Long COVID-19 News: Brazil Study Finds Persistent Hematological Changes In Long COVID Individuals Up To 985 Days!
Long COVID News - Hematological Changes Up To 985 Days Mar 03, 2023 21 days ago
Long COVID News
: While some half-baked studies conducted by garbage researchers from Israel and published in trashy British journals claim that Long COVID issues resolves within less than a year, hundreds of other studies show that this is not the case. (Kindly refer to archives at Thailand Medica News site)
An ongoing Long COVID study led by researchers from State University of Pará (UEPA)-Brazil, São Paulo University (USP)-Brazil and Federal University of Pará (UFPA)-Brazil have found persistent hematological changes in Long COVID individuals for up to 985 Days!
According to the study team, Long COVID affects a significant number of individuals after acute COVID-19 infection, and hematological changes can persist in the Post COVID-19 phase.
The study team aimed to evaluate these hematological laboratory markers, linking them to clinical findings and long-term outcomes in patients with long COVID.
This cross-sectional study selected participants from a ‘long COVID’ clinical care program in the Amazon region. Clinical data and baseline demographics were obtained, and blood samples were collected for quantification of erythrogram-, leukogram-, and plateletgram-related markers.
Long COVID symptoms and conditions was reported for up to 985 days.
Interestingly, the study findings showed that patients hospitalized in the acute phase had higher mean red/white cell, platelet, and plateletcrit levels and red cell distribution width.
The findings showed that hematimetric parameters were higher in shorter periods of long COVID.
Importantly, patients presenting with more than six concomitant long COVID symptoms had a higher white blood cell count, shorter prothrombin time (PT), and increased PT activity.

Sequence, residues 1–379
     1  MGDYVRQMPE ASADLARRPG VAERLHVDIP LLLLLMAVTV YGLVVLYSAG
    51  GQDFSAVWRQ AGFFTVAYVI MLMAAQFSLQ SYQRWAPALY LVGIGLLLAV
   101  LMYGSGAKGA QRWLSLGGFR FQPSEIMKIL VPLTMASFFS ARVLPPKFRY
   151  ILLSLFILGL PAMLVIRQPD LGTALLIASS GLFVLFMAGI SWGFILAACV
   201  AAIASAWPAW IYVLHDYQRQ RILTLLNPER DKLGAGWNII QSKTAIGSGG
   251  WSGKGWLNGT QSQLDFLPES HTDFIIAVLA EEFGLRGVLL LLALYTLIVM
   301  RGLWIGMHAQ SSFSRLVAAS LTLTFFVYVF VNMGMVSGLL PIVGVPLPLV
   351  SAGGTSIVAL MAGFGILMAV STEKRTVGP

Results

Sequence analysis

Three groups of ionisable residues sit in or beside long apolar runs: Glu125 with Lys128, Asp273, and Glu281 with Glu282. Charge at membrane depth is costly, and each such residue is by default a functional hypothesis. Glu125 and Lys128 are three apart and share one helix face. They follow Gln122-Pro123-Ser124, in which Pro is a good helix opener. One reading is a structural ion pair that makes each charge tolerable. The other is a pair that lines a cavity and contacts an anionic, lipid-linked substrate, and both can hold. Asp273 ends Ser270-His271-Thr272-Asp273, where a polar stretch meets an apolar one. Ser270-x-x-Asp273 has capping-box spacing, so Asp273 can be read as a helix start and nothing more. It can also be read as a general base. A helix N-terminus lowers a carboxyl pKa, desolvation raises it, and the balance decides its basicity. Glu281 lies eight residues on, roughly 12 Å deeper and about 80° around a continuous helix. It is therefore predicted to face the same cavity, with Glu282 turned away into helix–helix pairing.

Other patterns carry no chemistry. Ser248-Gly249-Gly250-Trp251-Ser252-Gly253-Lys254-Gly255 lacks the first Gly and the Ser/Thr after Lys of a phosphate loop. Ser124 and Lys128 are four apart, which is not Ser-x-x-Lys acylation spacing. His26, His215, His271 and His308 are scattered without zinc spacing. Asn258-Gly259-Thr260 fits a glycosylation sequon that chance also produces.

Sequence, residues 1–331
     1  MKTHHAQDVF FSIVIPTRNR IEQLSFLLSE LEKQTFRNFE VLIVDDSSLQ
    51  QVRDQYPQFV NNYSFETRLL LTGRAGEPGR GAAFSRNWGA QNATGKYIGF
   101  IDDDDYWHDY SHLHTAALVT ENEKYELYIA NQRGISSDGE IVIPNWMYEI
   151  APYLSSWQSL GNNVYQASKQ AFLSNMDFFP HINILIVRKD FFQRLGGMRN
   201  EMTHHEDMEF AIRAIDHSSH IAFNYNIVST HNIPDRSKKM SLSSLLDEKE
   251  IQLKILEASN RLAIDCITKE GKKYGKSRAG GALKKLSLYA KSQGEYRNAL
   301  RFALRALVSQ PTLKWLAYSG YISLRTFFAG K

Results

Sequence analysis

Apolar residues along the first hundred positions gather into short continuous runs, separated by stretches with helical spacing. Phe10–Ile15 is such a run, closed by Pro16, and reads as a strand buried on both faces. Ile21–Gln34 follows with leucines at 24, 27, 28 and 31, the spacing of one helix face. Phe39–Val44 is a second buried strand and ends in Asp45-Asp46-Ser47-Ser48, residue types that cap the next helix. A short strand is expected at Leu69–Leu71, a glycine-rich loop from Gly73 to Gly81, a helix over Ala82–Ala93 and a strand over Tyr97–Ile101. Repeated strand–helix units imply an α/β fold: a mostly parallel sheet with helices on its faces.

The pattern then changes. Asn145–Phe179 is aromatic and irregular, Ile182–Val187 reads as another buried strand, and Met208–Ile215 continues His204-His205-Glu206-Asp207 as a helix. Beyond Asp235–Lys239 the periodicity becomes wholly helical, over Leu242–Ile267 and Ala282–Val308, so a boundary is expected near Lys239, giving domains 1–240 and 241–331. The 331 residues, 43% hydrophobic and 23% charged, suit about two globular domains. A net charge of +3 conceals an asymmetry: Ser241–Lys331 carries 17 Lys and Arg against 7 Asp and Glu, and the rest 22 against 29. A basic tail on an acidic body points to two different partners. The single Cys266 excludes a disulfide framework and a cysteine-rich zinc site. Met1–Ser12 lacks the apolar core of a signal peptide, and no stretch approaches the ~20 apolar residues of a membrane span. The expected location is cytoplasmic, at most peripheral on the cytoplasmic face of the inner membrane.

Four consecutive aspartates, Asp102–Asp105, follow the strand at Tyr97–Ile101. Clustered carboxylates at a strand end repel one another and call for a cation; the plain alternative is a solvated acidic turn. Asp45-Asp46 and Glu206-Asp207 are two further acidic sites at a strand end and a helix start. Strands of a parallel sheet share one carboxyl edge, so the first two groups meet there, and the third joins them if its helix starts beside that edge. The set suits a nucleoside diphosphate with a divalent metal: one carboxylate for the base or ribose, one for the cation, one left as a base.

The study findings showed that within up to 985 days of long COVID, a probable benign compensation for erythrogram-related markers. Increased levels of leukogram-related markers and increased coagulation activity were observed in the worse long COVID groups, also indicating an exacerbated response after the acute disturbance, which is uncertain and requires further investigation.
The study findings were published on a preprint server and is currently being peer reviewed.
Among the various clinical and laboratory manifestations of the disease described throughout the COVID-19 pandemic, investigations of the hematological profile have proven important in the risk assessment of severe cases of COVID-19.
Hypercoagulable state and changes in platelet, leucocyte, and erythrocyte counts are found in patients who develop an unfavorable evolution of the disease, indicating a poor prognosis and that these should be observed carefully.
Importantly, many past studies indicate that the hematological profile can remain altered in the long COVID phase; however, the literature is still scarce in longer-lasting investigations, such as in long COVID for up to 1 year, and even more so in the Amazon region and there has been very little
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coverages on these.